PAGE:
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On June 27, Israel annexed all parts of Jerusalem. Just one day later, the UN General Assembly demanded an Israeli withdrawal from the liberated territories. Where were all those nations in the weeks leading up to the war, when the Arabs were gleefully promising an all-out massacre of Jews?
Prime Minister Levi Eshkol rejected the international pressure, telling the Knesset that Israel alone fought for its right to exist and “alone we are entitled to determine our true and vital interests and how we will be secured.”
At a Zionist conference in London following the war, Israeli Ambassador to Great Britain Aharon Remez echoed Eshkol’s sentiments, asking, “Who has the right to tell Israel to revert to the position of the greatest danger while her enemies are already proclaiming their determination for a new round?”
While many of the world’s leaders were dismayed by Israel’s breathtaking military performance and the abject humiliation of the Arab armies, most Jews and Israel’s friends worldwide were relieved. Israel not only survived, it had emerged victorious beyond anyone’s wildest dreams.
Nearly two decades of Jordanian abuse of Jerusalem was over. The city’s Jewish institutions, desecrated and destroyed during the years of Jordan’s occupation, could now be rebuilt. Jews could once again return to their most sacred sites. Religious institutions of all faiths were now respected.
Israel’s tactical situation dramatically improved. Tel Aviv and Jerusalem were no longer under threat of Jordanian guns. The northern parts of Israel would no longer be shelled by Syria now that Israel had seized the Golan Heights. The waters of the Jordan River could no longer be diverted by the Syrians. There was now more space, a buffer, between Israel and its enemies in Egypt, Syria, and Jordan.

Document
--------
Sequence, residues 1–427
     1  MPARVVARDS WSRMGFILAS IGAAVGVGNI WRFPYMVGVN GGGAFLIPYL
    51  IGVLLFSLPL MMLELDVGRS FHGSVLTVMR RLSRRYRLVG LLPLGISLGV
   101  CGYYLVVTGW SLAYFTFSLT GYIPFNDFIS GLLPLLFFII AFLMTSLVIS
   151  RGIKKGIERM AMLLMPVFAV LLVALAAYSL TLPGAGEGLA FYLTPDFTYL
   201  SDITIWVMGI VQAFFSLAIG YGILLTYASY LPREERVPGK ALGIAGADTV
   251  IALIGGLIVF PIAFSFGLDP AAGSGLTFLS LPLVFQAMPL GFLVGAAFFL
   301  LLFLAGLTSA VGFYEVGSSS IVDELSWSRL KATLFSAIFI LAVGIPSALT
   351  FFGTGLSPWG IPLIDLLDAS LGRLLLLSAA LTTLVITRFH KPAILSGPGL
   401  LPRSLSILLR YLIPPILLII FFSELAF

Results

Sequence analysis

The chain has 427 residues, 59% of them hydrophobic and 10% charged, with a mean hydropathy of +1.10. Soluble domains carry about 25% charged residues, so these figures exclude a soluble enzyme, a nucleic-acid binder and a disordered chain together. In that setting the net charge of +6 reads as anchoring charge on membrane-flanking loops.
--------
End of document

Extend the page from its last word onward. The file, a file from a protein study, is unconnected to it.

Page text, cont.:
While Israeli generals praised the prowess of their armed forces, Prime Minister Eshkol acknowledged the Jewish state’s true source of strength: “Faithful to itself and looking confidently toward the future, with the aid of the Rock and Redeemer of Israel, this nation shall yet dwell in safety.”
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Desperate people take what they can, seizing opportunity to advance their main goal; the Arabs don’t
There was a glaring void in the President’s State of the Union speech: Israel.
Let’s focus not on becoming an ATM for that little bundle of joy, but on what you can save in taxes.
Israel has some wild places left; places to reflect and think, to get lost, to try to find ourselves
The British government assured Anglo-Jewry that it is attacking the rising levels of anti-Semitism.
Obama’s Syrian policy failures created the current situation in the Golan Heights.
Our journey begins by attempting to see things differently, only then can we be open to change.
Despite Western ‘Conventional Wisdom&PC,’ the Arab/Israeli conflict was never about the Palestinians
Confrontation & accountability, proven techniques, might also help dealing with religious terrorists
In fact, wherever you see soldiers in Paris today, you pretty much know you’re near Jewish site
Inspired by the Perek Shira pasuk for “small non-kosher animals” we named the bunny “Rebbetzin Tova”
The abuse following publication proved a cautionary tale: no one followed in Peters’s footsteps
Plainly, there is no guiding hand dictating choices across the board.
Expulsions perpetrated by the Russians during WWI were the worst against the Jews since Roman times.
Rav Kook offered recognition to the British but not thanks; the British merely fulfilled its destiny
Germany’s The Jewish Faith newspaper ominously noted, “We Jews are in for a war after the war.”
Nearly two decades into the 20th century, Jews were suffering the horrors of pogroms, mass expulsions, starvation and disease in Eastern Europe while Jewish soldiers in various armies were enduring the carnage of the battlefield. Amid the horrors, however, a glimmer of hope appeared.
On November 11, 1918, at 11 a.m., an agreement signed between the Allies and Germany at Compiegne France, ended hostilities on the Western front and signaled the end of the First World War.
On the eve of the Six-Day War, Israel stood alone.
The events of June 1967 came just a decade after the 1956 Sinai Campaign waged by Israel, France and Great Britain to protect international passage through the Suez Canal.
Printed from: http://www.jewishpress.com/indepth/opinions/the-war-that-made-yom-yerushalayim-possible/2010/05/30/
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